Late Pleistocene sedimentary, biogeochemical, and fossil data from the Lake Victoria basin (the largest lake in Africa) suggest that its reduction or desiccation during periods of increased aridity repeatedly facilitated the dispersal of C4 grassland ecosystems across the basin. Archaeological evidence from Middle Stone Age and Later Stone Age sites suggest that human groups diffused into the basin during intervals of declining lake levels, likely tracking the movement of the dense and predictable resources of shoreline environments, as well as the dense but less predictable C4 grass grazing herbivores. Repeated cycles of lake expansion and contraction provide a push–pull mechanism for the isolation and combination of populations in Equatorial Africa that may contribute to the Late Pleistocene human biological variability suggested by the fossil and genetic records. Latitudinal differences in the timing of environmental change between the Lake Victoria basin and surrounding regions may have promoted movements across, within, and possibly out of Africa.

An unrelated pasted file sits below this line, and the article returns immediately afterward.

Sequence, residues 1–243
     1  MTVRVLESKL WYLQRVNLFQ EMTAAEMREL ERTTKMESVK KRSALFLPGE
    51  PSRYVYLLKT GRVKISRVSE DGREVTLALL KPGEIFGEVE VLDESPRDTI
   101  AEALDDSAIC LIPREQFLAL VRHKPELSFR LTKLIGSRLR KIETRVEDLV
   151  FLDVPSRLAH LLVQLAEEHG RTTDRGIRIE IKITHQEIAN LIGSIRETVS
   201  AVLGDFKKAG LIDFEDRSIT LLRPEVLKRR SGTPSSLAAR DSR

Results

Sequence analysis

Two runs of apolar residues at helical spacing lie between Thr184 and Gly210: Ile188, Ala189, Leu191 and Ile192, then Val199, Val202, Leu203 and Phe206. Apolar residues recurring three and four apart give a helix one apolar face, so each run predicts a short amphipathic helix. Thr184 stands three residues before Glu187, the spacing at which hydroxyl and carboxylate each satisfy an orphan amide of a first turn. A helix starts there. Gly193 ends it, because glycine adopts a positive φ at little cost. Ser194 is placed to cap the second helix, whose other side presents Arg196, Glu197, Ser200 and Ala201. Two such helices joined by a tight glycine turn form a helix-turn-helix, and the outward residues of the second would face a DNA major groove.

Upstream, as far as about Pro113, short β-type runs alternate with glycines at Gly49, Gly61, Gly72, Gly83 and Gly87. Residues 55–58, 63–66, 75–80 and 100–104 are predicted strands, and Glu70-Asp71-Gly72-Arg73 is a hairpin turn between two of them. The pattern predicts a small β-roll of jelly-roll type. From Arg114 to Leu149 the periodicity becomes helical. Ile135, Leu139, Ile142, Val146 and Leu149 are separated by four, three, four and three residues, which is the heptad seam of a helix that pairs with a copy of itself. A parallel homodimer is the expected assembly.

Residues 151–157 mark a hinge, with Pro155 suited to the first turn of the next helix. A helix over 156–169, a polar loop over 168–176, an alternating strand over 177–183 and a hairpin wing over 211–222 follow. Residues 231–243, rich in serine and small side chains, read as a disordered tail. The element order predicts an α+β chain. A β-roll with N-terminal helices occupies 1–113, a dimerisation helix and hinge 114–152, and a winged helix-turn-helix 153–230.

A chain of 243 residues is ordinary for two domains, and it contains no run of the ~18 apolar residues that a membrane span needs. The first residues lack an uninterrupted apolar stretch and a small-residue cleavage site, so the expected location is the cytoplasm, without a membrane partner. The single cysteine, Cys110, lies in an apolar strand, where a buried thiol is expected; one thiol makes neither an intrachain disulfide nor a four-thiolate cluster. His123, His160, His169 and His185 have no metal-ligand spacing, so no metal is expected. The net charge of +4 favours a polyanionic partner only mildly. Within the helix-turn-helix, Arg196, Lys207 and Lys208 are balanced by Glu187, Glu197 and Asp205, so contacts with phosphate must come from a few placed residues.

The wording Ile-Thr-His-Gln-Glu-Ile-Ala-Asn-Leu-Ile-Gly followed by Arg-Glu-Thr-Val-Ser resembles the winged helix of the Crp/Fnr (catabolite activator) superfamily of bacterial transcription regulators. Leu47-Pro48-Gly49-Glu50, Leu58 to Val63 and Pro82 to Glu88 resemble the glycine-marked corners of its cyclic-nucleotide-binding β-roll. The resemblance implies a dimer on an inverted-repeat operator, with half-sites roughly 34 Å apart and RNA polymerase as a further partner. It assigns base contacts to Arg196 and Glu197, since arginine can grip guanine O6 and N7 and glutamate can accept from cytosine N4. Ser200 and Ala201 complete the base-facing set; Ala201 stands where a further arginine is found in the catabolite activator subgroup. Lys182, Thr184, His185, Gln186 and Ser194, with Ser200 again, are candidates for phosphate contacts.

Non-avian dinosaurs went extinct 66 million years ago, geologically coincident with the impact of a large bolide (comet or asteroid) during an interval of massive volcanic eruptions and changes in temperature and sea level. There has long been fervent debate about how these events affected dinosaurs. We review a wealth of new data accumulated over the past two decades, provide updated and novel analyses of long-term dinosaur diversity trends during the latest Cretaceous, and discuss an emerging consensus on the extinction's tempo and causes. Little support exists for a global, long-term decline across non-avian dinosaur diversity prior to their extinction at the end of the Cretaceous. However, restructuring of latest Cretaceous dinosaur faunas in North America led to reduced diversity of large-bodied herbivores, perhaps making communities more susceptible to cascading extinctions. The abruptness of the dinosaur extinction suggests a key role for the bolide impact, although the coarseness of the fossil record makes testing the effects of Deccan volcanism difficult.